(<%= Html.ActionLink("Edit", new { Action="Edit", ID=product.ProductID })%>)
</span>
</li>
<% } %>
</ul>
<%= Html.ActionLink("Add New Product", new { Action="New" }) %>
</asp:Content>

This is straight from the ASPX page with inline C#.

ASP.NET MVC Views using VB9's XML Literal Support

imageNow, we thought it'd be cool/interesting/potentially-something if we could use the XML Literal support to get, as Andrew puts it "compiled, strongly typed, intellisense friendly views." Sure, we mostly get that with the ASPX pages, but perhaps this would be better/easier/something? Keep in mind here that we're playing.

Your opinions on if this is a good idea or something to move forward would be useful. Leave comments and I'll compile and give them directly on to the VB and MVC team(s)! Remember, it can look like however you think it should, so don't be constrained by my spike or Andrew's.

Here's why Andrew thinks it's cool, quoted from a post on the ALT.NET mailing list:

Some key features I've used.
- <%= From ... Select ... %> to create repeated elements
- VB's ternary "If" operator for conditional output
- X-linq to post process the HTML before sending it
- choose between indented and compressed XML output
- modules of functions as "controls" - it's so simple :)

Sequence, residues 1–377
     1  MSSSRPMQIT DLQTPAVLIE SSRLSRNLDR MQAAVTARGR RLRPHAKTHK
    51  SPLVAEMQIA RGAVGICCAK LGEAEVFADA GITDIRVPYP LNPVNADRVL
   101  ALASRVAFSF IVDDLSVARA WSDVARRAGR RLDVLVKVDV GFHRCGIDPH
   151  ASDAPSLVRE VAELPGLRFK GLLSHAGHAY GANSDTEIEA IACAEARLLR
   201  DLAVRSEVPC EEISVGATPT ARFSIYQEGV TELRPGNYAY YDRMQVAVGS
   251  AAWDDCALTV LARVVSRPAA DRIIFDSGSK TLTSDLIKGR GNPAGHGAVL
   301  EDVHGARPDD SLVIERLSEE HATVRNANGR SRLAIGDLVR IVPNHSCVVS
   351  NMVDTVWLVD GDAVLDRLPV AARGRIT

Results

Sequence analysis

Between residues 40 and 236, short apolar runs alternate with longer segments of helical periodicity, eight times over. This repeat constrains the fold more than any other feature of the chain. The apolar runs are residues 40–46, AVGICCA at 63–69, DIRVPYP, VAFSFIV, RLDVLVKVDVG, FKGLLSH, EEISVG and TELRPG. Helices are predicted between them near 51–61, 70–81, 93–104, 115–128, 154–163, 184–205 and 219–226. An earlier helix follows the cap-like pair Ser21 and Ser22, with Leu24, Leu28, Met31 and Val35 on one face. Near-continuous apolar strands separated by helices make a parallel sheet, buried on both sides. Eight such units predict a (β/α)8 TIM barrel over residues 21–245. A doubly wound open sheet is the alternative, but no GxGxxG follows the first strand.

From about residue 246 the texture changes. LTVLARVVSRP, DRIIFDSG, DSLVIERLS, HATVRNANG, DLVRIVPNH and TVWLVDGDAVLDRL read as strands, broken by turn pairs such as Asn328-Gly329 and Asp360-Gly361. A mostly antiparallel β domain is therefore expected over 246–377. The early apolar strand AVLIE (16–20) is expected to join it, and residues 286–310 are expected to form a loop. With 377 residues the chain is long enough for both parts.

Here's what my solution looks like in Visual Studio. See how the ListVB.aspx has no "+" sign. There's no code-behind .cs file there even though this is a C# project. The meat of the View is in another assembly (although you could conceivably do something freaky and get VB and C# to live in the same assembly (be sure to read the comments)).

Actually, the ListVB.aspx file is VB, not C# and refers not to to a code-behind, but another class in another DLL, specifically the VBViews assembly.

<%@ Page Language="VB" MasterPageFile="~/Views/Shared/Site.Master" 
AutoEventWireup="true" Inherits="VBViews.ListVB" Title="Products" %>
<%@ Import Namespace="NorthwindModel" %>
<%@ Import Namespace="System.Collections.Generic" %>
<asp:Content ID="Content1" ContentPlaceHolderID="MainContent" runat="server">
<h2><%=ViewData.Model.CategoryName%></h2>
<% = GetList() %>
</asp:Content>

Here's the Visual Basic code in the other assembly.

Imports System.Xml.Linq
Imports NorthwindDemo.Models

Partial Public Class ListVB
Inherits System.Web.Mvc.ViewPage

Function GetList() As XElement
Dim c As Category = CType(ViewData.Model, Category)
Return <ul><%= From product In c.Products _
Select _
<li id=<%= "prod" & product.ProductID %>>